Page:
Eric Trump just wanted to show support for his father, Republican nominee Donald Trump, with an election-day tweet Tuesday morning — but he may have inadvertently broken the law: Trump’s second son tweeted a photo of his filled-out ballot Tuesday, complete with his presidential vote.
In New York, that’s illegal. Eric Trump subsequently deleted the tweet, but not before The Verge captured it.
Like a number of other states, New York has a law that forbids voters to show their filled-out ballots to others. These laws were all written long before the age of social media, but have gotten a lot more attention as of late. That’s because voters can run afoul of them even if they just snap a selfie in the voting booth that reveals part of their voting choices.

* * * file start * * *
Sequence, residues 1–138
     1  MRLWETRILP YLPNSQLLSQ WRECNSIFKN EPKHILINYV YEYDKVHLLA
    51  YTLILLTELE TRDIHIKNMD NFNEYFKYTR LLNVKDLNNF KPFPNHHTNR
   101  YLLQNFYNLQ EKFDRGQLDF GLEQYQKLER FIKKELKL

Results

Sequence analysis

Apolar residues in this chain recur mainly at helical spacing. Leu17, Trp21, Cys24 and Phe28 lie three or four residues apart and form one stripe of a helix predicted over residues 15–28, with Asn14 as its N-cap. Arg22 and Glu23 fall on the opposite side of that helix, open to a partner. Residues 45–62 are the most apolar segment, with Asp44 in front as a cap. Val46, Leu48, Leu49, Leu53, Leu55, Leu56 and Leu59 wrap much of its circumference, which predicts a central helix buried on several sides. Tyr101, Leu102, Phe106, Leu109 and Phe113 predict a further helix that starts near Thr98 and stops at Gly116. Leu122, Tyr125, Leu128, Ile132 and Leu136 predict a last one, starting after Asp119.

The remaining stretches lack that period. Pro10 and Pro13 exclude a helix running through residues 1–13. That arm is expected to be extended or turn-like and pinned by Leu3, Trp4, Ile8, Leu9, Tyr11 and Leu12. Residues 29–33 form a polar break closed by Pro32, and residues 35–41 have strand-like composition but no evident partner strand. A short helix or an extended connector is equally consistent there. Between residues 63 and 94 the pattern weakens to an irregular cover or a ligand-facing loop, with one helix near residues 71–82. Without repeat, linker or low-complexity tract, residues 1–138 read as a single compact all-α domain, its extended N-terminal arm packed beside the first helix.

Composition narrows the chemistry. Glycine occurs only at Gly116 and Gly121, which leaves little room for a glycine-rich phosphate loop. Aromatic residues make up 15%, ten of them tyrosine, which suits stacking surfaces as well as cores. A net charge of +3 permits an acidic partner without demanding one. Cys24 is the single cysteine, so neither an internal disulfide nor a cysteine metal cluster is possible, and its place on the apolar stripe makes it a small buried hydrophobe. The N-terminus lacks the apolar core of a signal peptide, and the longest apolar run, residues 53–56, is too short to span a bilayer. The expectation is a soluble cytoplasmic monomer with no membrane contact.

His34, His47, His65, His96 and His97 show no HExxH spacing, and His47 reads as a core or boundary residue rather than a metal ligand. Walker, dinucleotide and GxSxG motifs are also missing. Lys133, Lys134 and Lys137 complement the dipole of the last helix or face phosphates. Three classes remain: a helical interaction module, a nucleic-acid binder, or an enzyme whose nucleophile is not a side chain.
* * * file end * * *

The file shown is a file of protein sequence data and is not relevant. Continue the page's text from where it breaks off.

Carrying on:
These kinds of ballot selfies are illegal in New York, California,Florida, Nevada and a number of other states. Some states, including New York, regard ballot sharing as a misdemeanor, while other states actually call it a felony. The Verge has a helpful form on its website that lets voters find out about the legality of ballot selfies in their states.
Critics have argued that ballot selfie laws are antiquated, and a number of states actually have made changes to their laws to allow voters to share photos that include their ballots. California Governor Jerry Brown for instance signed a bill allowing just that in September, but the law won’t go into effect until the beginning of 2017. The ACLU recently sued to allow California voters to share their ballot photos, but a judge denied the group’s request last week.